To be fair, our UI generation from RTTI was more a proof of concept.
It works on some existing projects, with a nice rendering and user experience.
But the auto-generated UI result has a fixed layout. To customize it, we had to include additional parameters, and introduce complexity in the generator.
Good old RAD, with a SOA backend, or a MVC/MVVM design approach, as we propose for web servers, would have been more productive.
We admit that some patterns like Aspect Oriented
Programing could easily add some behavior to an existing code
The most obvious example is to write some attributes in code and enable method execution logging.
Sounds like a magical way of writing code.
Just like with our UI generation trick, adding logging could be just as easy
as writing an attribute to the class. Magic! Feature implemented in 5 minutes.
Now you can take a coffee for the whole day - task was budgeted for a
But logging content is poor (only method name/parameters). So you start adding some attributes at the method level, to customize the log message. And you start polluting your class. And, sadly, at attribute level, you do not have access to all needed information (e.g. values or functions in other classes). So you add an explicit log method call within the method code. And find it convenient, finally.
In mORMot, you can have auto-generated logging (e.g. all SOA
interface calls, including input parameters and output values), in the log
system, or even in a log database (very convenient, in practice).
This uses RTTI, and is indeed magic. Just a parameter, in the settings file, and you obtain some additional tracking information. And you did not change the business logic!
But this automated logging is not enough. You should now have to write a lot of manual logging, even at business layer, to track real execution context.
But all this run-time injected behavior make it harder to maintain and
By looking at the code, you could not guess what is really executed.
There is a lot of hidden mechanisms, which are not explicit any more.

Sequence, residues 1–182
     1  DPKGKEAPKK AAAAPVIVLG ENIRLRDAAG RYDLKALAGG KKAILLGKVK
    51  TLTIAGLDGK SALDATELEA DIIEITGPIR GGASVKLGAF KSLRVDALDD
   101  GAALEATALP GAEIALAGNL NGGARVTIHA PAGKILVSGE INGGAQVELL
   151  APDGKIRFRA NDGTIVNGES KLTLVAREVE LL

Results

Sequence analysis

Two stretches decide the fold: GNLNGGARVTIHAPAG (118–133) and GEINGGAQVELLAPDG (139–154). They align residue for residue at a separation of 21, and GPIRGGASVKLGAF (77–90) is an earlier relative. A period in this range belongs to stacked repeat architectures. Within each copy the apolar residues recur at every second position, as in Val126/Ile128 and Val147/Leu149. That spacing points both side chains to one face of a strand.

When you start to put some business logic using such injection/reflection techniques, it eventually add complexity.
We have seen unexpected rebounds in Event-Sourcing architectures, using such hidden code injection to propagate events.
I've seen recently servers becoming unstable because of real-time logging issues: sending the log information remotely did create some kind of recursion, due to the remote sending logging itself its own process!
Maintainable code should always try to make the implicit explicit.
We would not make explicit all the low-level plumbing - otherwise we would code everything in assembler.
But we should better make all logical process explicit.
This is where DDD excels.
Using RTTI is a tricky business... which should be exceptional.
Relying on RTTI at runtime, for usual code, smells like a break of Liskov Substitution Principle (and the Open/Closed Principle).
Most of the time, code would be much cleaner when using proper OOP and
interface types definition, instead of relying on RTTI and
In mORMot, we achieve amazing results without the enhanced RTTI, as introducing in Delphi 10. If it is available, we would use it. But it is not, we would be able to find workarounds, even for compilation with FPC.
And it is not my own opinion.
In fact, Microsoft, in its newest orientation to "Native" compilation in .Net, does advice to avoid RTTI (ab)use.
Even at technical level, all this run-time "injection" and "inspection" stuff is not so trendy any more...
RTTI is great, but it may be abused.
There is good laziness, and unsafe laziness.
If you add cross-cutting features (like logging, or authorization) via RTTI - fine.
But if you put some business logic via code injection - beware.
This blog post just aims to state that, as always, RTTI use is a matter of balance: design principles should rule, not code magic!
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Edit: I've added one more example, about logging via AOP.